We are truly blessed these days. Fair cop, world peace isn't exactly looking likely too soon and the planet's best brains are yet to find a cure for the common cold, rainforests are disappearing faster than Abi Titmusses' dignity and, if scientists are to be believed, the earth is set to become a gigantic fireball somewhere around teatime next Tuesday.
But leaving weighty issues like these behind let's turn our gaze back to the world of motorcycles which pack the firepower not only to see off any so-called 'supercar', but may even be capable of firing you beyond the
Earth's atmosphere if only you could find a ramp big enough. We've never had it so good. Take the new GSX-R1000, it being the most of the mostest right now. For £8800, you get a bike that weighs in at 166kg dry, packs 165 genuine back wheel bhp, can shred the quarter mile in 10.1 seconds and which will rip you to the dark side of 170mph in little longer than it's taken you to read this paragraph.
To put all this into perspective, Neil Hodgson's 2000 BSB title-winning superbike only had three more horsepower and was two kilos heavier. And it cost two hundred grand. Now that sort of performance is available to you and me for less than the price of a very crappy small car. That's what I call progress.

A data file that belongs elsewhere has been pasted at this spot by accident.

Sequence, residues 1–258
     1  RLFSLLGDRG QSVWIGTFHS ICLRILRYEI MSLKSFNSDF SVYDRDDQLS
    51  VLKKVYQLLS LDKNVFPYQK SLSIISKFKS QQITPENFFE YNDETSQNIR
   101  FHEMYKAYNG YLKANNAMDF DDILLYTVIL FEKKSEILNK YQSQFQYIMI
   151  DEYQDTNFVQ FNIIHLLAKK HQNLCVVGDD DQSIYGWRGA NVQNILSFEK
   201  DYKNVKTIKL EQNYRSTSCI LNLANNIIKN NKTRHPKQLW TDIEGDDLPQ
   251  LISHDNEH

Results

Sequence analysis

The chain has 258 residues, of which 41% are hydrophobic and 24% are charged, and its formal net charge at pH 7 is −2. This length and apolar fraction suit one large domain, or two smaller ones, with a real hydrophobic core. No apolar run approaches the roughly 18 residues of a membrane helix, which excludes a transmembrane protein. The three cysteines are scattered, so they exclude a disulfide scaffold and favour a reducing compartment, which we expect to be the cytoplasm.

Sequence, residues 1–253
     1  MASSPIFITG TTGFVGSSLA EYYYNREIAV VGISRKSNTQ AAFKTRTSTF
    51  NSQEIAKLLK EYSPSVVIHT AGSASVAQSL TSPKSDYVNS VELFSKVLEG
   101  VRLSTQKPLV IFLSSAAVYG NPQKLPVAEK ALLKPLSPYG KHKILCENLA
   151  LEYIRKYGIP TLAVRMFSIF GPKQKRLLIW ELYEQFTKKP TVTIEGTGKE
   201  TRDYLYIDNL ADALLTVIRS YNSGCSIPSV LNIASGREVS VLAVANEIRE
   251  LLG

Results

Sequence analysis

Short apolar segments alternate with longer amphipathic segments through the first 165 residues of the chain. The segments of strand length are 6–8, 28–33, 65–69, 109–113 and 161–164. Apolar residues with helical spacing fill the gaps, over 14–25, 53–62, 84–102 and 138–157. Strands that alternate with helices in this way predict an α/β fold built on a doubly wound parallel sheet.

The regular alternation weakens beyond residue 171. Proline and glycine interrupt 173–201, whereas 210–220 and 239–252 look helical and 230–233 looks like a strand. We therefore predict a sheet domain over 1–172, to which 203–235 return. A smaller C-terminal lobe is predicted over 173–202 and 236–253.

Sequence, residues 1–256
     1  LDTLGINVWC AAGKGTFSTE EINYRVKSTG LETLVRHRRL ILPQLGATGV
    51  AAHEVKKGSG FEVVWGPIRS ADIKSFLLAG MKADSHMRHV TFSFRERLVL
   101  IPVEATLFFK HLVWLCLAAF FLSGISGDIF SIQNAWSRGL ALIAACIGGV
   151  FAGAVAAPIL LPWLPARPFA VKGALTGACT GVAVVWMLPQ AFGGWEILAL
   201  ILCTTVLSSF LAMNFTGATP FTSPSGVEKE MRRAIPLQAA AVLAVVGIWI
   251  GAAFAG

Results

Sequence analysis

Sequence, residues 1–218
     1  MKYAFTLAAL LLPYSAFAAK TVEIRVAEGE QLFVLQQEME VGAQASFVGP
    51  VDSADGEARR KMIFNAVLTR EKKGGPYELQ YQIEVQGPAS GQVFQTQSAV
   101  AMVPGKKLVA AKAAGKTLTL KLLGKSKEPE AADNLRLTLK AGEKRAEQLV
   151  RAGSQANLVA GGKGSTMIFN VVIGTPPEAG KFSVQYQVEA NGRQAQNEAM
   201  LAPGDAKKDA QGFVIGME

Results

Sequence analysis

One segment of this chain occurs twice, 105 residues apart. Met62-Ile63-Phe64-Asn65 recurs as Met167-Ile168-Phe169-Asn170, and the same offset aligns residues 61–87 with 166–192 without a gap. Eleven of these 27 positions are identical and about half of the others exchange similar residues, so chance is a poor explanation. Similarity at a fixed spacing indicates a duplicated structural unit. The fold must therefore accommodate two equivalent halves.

So now we literally do have superbikes on the road, it's time for a good long look at ourselves because chances are we ain't superbike riders, which can leave a yawning chasm between us and our bikes.
Sure the throttle works both ways, and yes these bikes are only as fast as you want them to be, but the simple fact is you can't ride bikes like these for a few weeks of the year and expect to be anywhere near the money on them. Kid yourself you can and you'll be a bonnet ornament before summer's out.
But making the most of your superbike on the road isn't so tough and once cracked, you'll find the rewards are enormous. So unless you really do have that HRC factory superbike deal tucked behind the breadbin, step this way for the fastest summer you've ever had.
Continue for the first lesson of fast